2016 Outlook: Mathews didn't play a lot in his first season with the Eagles, but he was easily the team's most effective RB. He averaged 5.1 ypc (sixth in the league), including 2.2 after contact (13th), but he was on the field for only 21 percent of Philly's offensive plays. With DeMarco Murray joining the Titans, Mathews should get a much heavier workload in 2016. But he has to show he can handle it: He was injury-prone in his five seasons with San Diego and missed three more games with the Eagles last year. Those doubts mean Mathews should be viewed as a fringe RB2.
2016 Outlook: Things couldn't have gone much worse for Murray in his lone season with the Eagles. He rushed for a career-low 3.6 ypc, including just 1.6 after contact, and ended up carrying the ball just 38 times in Philly's final five games. That was a far cry from Murray's four strong (albeit injury-plagued) seasons in Dallas. But life should be better in Tennessee. The Titans run a more conventional offense than Chip Kelly's scheme, in which Murray carried the ball from the shotgun 85 percent of the time. Rookie Derrick Henry is surely a threat on early downs, but Murray should be back in line for roughly 15 touches in a run-centered offense.
2016 Outlook: Longtime starter Matt Forte is now a Jet, which puts Langford in position to lead the Bears' backfield. Although volume breeds fantasy points, there are red flags. A 2015 fourth-round pick, Langford showed a few flashes as a rookie but mostly underwhelmed. He averaged 3.6 ypc, including 2.9 against base defenses (third worst in the NFL). According to Pro Football Focus, he forced only seven missed tackles on 148 rushes. Langford doesn't catch the ball consistently either (his 54 percent catch rate was worst among RBs), so he seems to be a better bet to lose the starting gig than to emerge as a fantasy star.
2016 Outlook: Jones is in position to be the featured back in Washington but carries a ton of questions. As a rookie last season, he generated a few highlight-reel plays, but much of his production came off a few receptions that went for big gains. Jones actually struggled as a rusher, averaging just 2.5 ypc against base defenses (worst in the NFL). At 6-1, 231 pounds, Jones is supposed to be a physical runner, but he averaged just 1.5 yards after contact. His role as the team's starter is enticing, but he also has serious bust potential.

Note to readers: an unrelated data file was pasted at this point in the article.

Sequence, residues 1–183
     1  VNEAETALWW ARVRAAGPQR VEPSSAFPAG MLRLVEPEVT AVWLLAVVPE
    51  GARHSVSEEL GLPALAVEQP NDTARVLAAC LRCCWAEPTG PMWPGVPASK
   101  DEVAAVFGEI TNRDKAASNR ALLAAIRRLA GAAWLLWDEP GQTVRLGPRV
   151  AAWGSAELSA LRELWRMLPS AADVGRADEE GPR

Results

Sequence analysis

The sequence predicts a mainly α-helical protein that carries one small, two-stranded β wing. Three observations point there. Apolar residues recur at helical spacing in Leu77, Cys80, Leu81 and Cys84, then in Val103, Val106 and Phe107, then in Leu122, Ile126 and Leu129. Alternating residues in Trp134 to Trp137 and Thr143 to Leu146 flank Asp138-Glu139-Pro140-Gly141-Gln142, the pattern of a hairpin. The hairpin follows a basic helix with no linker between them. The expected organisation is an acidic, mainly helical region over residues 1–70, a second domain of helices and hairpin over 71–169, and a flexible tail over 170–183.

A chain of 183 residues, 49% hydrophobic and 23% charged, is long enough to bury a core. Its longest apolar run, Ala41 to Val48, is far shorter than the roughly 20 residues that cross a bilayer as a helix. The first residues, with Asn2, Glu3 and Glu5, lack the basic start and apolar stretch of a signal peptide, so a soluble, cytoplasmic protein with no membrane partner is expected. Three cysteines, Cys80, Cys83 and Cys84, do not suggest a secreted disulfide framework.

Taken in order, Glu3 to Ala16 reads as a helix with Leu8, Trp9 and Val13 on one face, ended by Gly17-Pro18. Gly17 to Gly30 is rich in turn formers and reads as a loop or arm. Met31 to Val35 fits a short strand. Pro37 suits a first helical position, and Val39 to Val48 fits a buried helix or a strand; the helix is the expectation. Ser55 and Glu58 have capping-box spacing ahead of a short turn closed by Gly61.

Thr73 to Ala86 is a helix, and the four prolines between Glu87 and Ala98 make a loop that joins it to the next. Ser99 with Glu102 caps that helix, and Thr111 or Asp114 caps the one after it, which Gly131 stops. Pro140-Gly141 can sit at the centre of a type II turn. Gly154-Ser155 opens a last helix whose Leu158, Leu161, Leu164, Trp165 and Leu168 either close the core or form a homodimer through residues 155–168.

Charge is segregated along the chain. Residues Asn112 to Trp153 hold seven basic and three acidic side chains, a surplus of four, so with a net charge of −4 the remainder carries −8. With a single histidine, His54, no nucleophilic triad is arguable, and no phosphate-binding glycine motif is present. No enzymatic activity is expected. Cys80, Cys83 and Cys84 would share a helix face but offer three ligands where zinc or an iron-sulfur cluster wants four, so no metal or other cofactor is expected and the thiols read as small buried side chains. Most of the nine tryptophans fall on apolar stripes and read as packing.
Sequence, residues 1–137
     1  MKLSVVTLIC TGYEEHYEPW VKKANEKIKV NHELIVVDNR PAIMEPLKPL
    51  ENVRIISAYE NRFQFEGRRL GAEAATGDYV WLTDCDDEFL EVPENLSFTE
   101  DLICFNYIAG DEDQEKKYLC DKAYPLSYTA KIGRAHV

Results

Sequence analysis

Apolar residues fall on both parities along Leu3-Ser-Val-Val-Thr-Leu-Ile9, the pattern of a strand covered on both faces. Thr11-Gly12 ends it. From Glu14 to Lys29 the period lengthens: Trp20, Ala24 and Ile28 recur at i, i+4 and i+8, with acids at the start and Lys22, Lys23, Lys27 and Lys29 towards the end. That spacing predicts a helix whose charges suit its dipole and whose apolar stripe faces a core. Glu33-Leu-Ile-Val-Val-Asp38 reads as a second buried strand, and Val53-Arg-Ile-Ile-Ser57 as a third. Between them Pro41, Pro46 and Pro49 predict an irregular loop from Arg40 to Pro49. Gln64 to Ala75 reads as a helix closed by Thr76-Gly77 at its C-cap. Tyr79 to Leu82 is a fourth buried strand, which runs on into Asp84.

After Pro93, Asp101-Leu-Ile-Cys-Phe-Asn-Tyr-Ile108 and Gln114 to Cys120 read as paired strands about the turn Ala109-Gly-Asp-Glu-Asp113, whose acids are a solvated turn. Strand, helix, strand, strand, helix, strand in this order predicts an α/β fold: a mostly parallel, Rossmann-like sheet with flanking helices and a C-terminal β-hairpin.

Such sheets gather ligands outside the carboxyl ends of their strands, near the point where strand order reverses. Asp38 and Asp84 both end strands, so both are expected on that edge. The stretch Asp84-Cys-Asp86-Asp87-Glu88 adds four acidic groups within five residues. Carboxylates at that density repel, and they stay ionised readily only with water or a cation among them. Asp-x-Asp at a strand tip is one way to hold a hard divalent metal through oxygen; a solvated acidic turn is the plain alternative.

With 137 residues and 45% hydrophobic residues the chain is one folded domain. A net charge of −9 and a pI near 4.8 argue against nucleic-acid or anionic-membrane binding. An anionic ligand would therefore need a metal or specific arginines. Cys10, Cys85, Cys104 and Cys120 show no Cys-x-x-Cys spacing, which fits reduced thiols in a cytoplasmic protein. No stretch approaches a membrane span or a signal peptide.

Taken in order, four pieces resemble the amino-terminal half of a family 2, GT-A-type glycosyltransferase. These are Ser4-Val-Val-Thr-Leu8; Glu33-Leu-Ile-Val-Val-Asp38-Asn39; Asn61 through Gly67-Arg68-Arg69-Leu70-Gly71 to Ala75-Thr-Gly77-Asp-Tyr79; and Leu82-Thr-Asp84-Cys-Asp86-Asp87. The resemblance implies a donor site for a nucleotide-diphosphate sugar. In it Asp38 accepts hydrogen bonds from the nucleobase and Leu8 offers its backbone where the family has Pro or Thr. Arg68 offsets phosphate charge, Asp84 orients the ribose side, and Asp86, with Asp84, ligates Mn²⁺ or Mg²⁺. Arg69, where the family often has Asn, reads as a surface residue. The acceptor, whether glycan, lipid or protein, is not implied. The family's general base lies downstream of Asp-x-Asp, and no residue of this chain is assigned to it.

2016 Outlook: The Titans kept Walker busy last season. He finished 14th in the entire league in targets (133), easily the most of any tight end. He also led TEs in receptions (94) and finished third in receiving yards (1,088). The Titans should be better--and healthier--at WR this season, so that will mean fewer opportunities for Walker. But Marcus Mariota clearly loves his tight end, and if the second-year QB makes as much progress as expected, Walker will benefit.
2016 Outlook: Forty-one RBs racked up at least 111 carries during the 2015 regular season. Gordon was the only one who failed to score a rushing TD. That wasn't the extent of his rookie-year struggles: He also averaged just 3.5 ypc, second worst among RBs with at least 100 carries. But the Chargers' O-line was largely to blame, as Gordon forced 34 missed tackles, per Pro Football Focus, ninth among RBs. Gordon also caught 33 of his 37 targets. Danny Woodhead will again take away touches, but Gordon--the 15th pick in the 2015 draft--does enter 2016 as the team's lead back and early-down workhorse.
2016 Outlook: Johnson had little chance to succeed as a rookie. He was stuck in a dysfunctional offense with a carousel of replacement-level QBs and had to share duties as part of an RB committee. Still, he managed to make a mark as a pass-catching specialist, hauling in 61 receptions, which ranked fourth among RBs. Johnson played only 522 snaps and carried just 104 times for 379 yards, so there's a hint of breakout potential if he gets more work. More likely, he seems destined for a career as a third-down back and should be a fringe RB2 in PPR formats.
2016 Outlook: Woodhead is arguably the league's best pass-catching RB and led the position in targets, receptions, receiving yards and receiving TDs last season. That's how he ranked 11th among RBs in fantasy points despite carrying the ball just 98 times. There's a reason for the lack of rushes: Woodhead averaged just 3.4 ypc (third worst in the NFL) despite 61 percent of his carries coming against a nickel or dime defense. He averaged a league-worst 0.9 yards after contact. Woodhead is now 31, but his role as one of Philip Rivers' top targets is secure and makes him a fringe RB1 in PPR leagues.